1. html
  2. /tags
  3. /video



The <video> element serves as a container for embedding a media player that can play video content, with or without accompanying audio, directly within a webpage.

Note: While <video> can technically play audio files, using the <audio> element is recommended for a more suitable user experience when dealing with audio-only content.

Examples and Usage

Embedding a media player for video content within a webpage becomes straightforward with the <video> element. Below, you'll find two examples that demonstrate some of the flexibility and customization options available.

Basic Video Embedding with Single Source and Poster

<!-- "The End" short by Blue Sky Studios -->
<!-- Poster used from archive.org -->
    Oops! Your browser doesn't support embedded videos. However, you can
    <a href="https://archive.org/details/the-end-blue-sky-studios">download </a>
    and watch the short on a video player of your choice.

In this setup, a single video source is provided using the src attribute. The poster attribute sets an image to be displayed before the video starts playing. The controls attribute adds the default video controls like play, pause, and volume. If the browser doesn't support the video, a fallback text with a download link is displayed.

Multiple Video Sources for Better Compatibility

<video controls>
    <source src="sample-video.webm" type="video/webm">
    <source src="sample-video.mp4" type="video/mp4">
    <p>Your browser doesn't support the given video file.</p>

The example above illustrates the use of multiple <source> elements to provide different video formats. This approach ensures that the video will play in browsers that support either the WebM or MP4 format. If none of the formats are supported, the browser will display the fallback text.

While the <video> tag is versatile, it has some considerations to be aware of.

Browsers differ in the video formats they support, making it advisable to provide multiple sources. Although the controls attribute adds a default player, custom controls can be built using JavaScript and the HTMLMediaElement API. Moreover, the <video> element can fire numerous events to control and monitor both the download and playback of the media. These events offer more precise control over your video content and allow for advanced features like real-time progress monitoring. If captions or subtitles are needed, the <track> element along with the WebVTT format can be employed.

Attribute Breakdown

The <video> element comes with a set of attributes in addition to the global HTML attributes, enabling you to fine-tune its behavior.

srcDefines the URL of the video file. You can also use the <source> element for multiple formats.
crossoriginConfigures CORS settings for the video. Options include anonymous and use-credentials.
posterSets the URL of an image to display before video playback starts.
preloadHints at how much of the video should be buffered when the page loads. Values include none, metadata, and auto.
autoplayIf present, the video will start playing as soon as possible. Use cautiously due to user experience concerns.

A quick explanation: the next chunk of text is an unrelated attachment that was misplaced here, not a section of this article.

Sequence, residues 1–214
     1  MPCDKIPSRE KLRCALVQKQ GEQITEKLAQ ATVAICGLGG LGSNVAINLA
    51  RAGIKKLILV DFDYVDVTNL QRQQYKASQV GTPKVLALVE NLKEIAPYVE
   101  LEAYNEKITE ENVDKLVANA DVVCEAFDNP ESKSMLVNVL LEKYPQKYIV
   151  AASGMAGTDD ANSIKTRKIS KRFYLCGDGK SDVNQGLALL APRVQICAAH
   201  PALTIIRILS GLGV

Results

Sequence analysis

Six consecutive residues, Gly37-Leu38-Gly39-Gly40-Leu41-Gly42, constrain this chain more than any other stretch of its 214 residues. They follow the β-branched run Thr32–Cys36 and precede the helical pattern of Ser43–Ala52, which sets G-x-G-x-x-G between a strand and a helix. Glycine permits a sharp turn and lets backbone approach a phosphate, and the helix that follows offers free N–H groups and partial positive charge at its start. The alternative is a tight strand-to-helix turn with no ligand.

playsinlineSuggests that the video should be played within the element's playback area rather than fullscreen.
loopIf present, the video will start over automatically after reaching the end.
mutedMutes the audio by default if present.
controlsAdds browser-native playback controls.
widthSets the display width of the video in CSS pixels.
heightSets the display height of the video in CSS pixels.
  • The autoplay attribute should be used cautiously. While it makes the video play automatically, it can disrupt the user experience. Some browsers require the video to be muted (muted attribute) for autoplay to function.

  • Experimental Attributes: Some attributes like controlslist (non-standard), disablepictureinpicture, and disableremoteplayback are considered experimental. Their behavior might change, and they may not be supported across all browsers.

Accessibility Aspects

To enhance accessibility, it's crucial to offer captions and transcripts that accurately describe the video's content. While captions are beneficial for people with hearing impairments, transcripts offer those who need additional time a readable alternative. Beyond spoken dialogue, subtitles should also capture essential sounds and music for a comprehensive understanding of the video.

The <video> element doesn't have an implicit ARIA role but permits the use of the application role. More detailed information on this can be found here.

Associated Elements

  • <audio>
  • <video>
  • <source>
  • <track>

Additional Notes

  • By default, the <video> element behaves like an inline element, but it's commonly set to block for easier styling and positioning.

  • The object-fit and object-position CSS properties can be used to control the video's sizing and positioning within its frame.

  • Using the <source> element provides considerable benefits, especially in mobile contexts. Allowing browsers to prioritize among multiple media formats can reduce load times. Furthermore, specifying the media format through the type attribute allows browsers to quickly choose a suitable format, thereby improving performance. This is because browsers won't have to sample or preliminarily download any media content to make that decision.

Browser Compatibility

For a detailed breakdown of specific browser nuances, attributes, and older version support refer to the links below:

Can I use HTML element: video

Can I use: Media Source Extensions

Useful Resources

The HTML Living Standard Specification: video

The source HTML Element

The track HTML Element

Media File Basics

Web Video Codec Guide